Homily for the Second Sunday of Advent, Year C, 2021

Today our gospel invites us to consider the role of prophecy in helping us to prepare for the coming of Christ. This invitation comes in the person of St John the Baptist. He is considered both the last of the Old Testament prophets and indeed the culmination of the whole prophetic line. So how do prophets and the idea of prophecy help us get ready for Jesus?


The first thing to say about prophets is that they usually tell us uncomfortable truths. They seem to be plugged into the Word of God in such a way that they can discern deep cultural patterns, usually patterns that indicate we are going astray. In the Bible, prophets usually call people back to God by pointing out that people have gone away from God. Prophets point out that we are worshipping wrong. Either we are committing idolatry by creating and worshipping false gods, like power, wealth, physical beauty, or that we committing various forms of injustice by refusing to follow God’s commands.


Usually a prophet’s message is not an easy one to listen to because they demand change. They point out deep things in such a way that we instinctively recognise their truth. That is their power: prophets are hard to ignore. However, typically one of the characteristics of prophets is that the world is desperate to ignore them, precisely because their highlighting of our sins is annoying.


So prophets call people to repentance. They highlight when a nation, a people, a culture have wandered from God, and they highlight the deadly consequences of such a departure from the path of life. However, today I would like to focus on something particular to St John the Baptist, something I think is crucial to the overall pattern of prophecy. And something, in fact, I think we can see going on around us at the moment. It is a reality that can help us separate the true prophets from the false. What is that aspect of prophecy that is particular to St John the Baptist? It is his ability to recognise Jesus and point him out to others.


This week, I would invite you to consider areas in your own life in which you know prophets. And we all know prophets. As I said, they are the ones who challenge us with difficult truths we want to ignore, but, at the same time, know we cannot if we are to have any integrity at all. They might be family members or friends. It might be someone at work, or someone you listen to. It might be a particular author. Usually, it is not someone mainstream because the mainstream usually cannot cope and tries to hide them. I would ask you then this week to look closely at them, and look closely at the area in which they challenge you, because I have noticed something happening in our culture, and you might notice it, too.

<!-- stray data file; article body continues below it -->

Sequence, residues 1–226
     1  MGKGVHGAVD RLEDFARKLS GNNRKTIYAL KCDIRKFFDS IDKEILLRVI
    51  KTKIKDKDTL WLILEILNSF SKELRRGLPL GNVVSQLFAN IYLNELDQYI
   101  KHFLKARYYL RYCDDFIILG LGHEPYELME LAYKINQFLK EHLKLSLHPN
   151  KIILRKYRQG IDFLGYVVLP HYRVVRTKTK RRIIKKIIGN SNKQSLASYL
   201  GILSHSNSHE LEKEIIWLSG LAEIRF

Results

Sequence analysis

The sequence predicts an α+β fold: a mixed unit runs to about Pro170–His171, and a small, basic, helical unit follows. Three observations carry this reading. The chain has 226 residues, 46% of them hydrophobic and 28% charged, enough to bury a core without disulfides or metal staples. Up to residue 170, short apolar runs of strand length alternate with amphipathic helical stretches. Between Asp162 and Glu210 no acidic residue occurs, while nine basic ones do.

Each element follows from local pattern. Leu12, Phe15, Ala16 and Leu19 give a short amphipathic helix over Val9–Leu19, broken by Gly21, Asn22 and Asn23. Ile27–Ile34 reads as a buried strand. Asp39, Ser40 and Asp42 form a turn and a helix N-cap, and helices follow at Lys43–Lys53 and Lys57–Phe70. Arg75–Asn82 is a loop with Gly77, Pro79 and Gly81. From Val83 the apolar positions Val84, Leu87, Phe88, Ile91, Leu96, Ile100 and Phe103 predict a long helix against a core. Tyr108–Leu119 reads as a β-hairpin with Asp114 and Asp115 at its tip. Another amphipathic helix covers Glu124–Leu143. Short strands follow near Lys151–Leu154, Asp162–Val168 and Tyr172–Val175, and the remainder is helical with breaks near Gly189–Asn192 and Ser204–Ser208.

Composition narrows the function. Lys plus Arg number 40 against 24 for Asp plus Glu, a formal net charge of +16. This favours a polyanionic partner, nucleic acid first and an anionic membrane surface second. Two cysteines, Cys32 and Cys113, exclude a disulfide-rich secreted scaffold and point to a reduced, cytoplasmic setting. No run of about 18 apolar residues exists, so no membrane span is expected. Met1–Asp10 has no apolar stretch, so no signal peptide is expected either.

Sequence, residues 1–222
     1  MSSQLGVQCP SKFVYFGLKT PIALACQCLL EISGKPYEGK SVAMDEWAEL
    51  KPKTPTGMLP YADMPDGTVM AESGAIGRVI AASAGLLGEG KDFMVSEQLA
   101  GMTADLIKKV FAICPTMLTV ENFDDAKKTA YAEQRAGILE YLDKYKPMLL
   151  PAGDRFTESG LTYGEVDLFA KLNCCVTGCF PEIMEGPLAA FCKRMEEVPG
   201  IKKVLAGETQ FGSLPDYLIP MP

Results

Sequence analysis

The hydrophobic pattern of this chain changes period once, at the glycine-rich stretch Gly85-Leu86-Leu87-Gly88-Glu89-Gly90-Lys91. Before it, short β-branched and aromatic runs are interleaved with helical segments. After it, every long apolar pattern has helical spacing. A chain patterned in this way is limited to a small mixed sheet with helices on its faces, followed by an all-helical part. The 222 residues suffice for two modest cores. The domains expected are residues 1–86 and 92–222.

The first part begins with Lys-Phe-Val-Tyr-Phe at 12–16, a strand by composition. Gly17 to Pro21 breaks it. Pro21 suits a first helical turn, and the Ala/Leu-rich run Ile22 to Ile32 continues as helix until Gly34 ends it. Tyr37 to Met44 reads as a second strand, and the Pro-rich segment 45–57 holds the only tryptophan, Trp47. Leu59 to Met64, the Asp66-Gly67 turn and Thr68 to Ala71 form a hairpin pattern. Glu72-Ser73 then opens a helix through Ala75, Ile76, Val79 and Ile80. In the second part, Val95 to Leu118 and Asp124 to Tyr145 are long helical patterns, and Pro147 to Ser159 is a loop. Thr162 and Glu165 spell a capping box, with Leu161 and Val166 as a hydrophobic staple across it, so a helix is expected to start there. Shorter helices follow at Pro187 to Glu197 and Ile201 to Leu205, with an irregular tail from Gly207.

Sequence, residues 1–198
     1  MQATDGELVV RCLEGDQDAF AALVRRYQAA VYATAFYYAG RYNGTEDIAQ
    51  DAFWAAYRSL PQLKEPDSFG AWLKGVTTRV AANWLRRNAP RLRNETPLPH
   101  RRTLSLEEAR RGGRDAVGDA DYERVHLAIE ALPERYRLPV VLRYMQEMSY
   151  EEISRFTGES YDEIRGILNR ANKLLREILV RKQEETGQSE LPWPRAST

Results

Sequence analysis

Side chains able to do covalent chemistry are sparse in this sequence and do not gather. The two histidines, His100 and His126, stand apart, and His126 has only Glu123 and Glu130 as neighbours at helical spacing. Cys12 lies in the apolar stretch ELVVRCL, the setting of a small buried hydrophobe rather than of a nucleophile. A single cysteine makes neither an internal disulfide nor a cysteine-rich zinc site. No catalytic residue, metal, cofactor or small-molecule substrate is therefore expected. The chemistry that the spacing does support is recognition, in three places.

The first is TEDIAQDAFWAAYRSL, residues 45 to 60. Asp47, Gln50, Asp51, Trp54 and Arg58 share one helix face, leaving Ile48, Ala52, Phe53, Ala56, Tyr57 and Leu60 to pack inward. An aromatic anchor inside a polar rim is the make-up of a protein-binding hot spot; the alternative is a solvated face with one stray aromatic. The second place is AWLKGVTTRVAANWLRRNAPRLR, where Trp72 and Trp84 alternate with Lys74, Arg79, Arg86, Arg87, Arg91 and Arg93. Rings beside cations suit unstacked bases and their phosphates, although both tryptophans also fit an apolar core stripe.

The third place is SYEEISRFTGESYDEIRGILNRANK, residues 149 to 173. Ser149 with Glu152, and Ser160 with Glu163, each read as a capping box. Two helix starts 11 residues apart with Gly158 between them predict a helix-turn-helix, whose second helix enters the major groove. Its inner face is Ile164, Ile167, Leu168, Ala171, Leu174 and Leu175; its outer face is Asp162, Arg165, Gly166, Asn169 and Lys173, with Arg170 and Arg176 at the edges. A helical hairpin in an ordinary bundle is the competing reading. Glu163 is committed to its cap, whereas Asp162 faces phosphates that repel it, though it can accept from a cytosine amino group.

What I have noticed is that people who are serious about truth, people who are dealing with really serious matters in our society, people who follow the truth wherever it leads and do not turn away when it gets awkward or their pursuit causes a backlash, a lot of these people seem to be discovering Jesus. Lots of these people, people on the fringes, people running their own podcast or newsletter or website, a lot of these people are coming to the same conclusion. Many are realising that without God at the centre of our culture, things fall apart; and they fall apart in destructive ways that always tend to damage the most vulnerable.


It could be in the area of criminal justice; it could be in the area of the environment; it could be in the area of child safety and family health; it could be in the area of mental health; it could be in the area of governance and democracy: many people are beginning to discover Christ as the only possible solution. And this is occurring even against the backdrop of the scandals in the church.


What is also interesting is when these people talk about Jesus. It has an energising effect on their conversations and their discussion, and it really shines a light on others in the conversation. People’s reactions to Jesus show whether they are fundamentally serious or not.


I think then the prophet if he or she is true somehow finds him- or herself on a path to Jesus. And so one can test the seriousness of a prophet by whether he or she adheres to the path or ducks away. This choice for Christ gradually dawns. It happens at different stages and in different intensities along the way; for example, it is easy to be a prophet in a way that makes no difference in my own life. But true prophecy will always make a claim on my own way of living. This is the cross in its embryonic form. A real prophet will accept the truth of self-sacrifice. A false prophet will not. This escalates and leads up to Jesus.


So, I would invite you this week to consider this aspect of St John the Baptist. Who are the prophets in my life? Do they call me back to true worship from idolatry? But most of all, do they point themselves and me to Christ?

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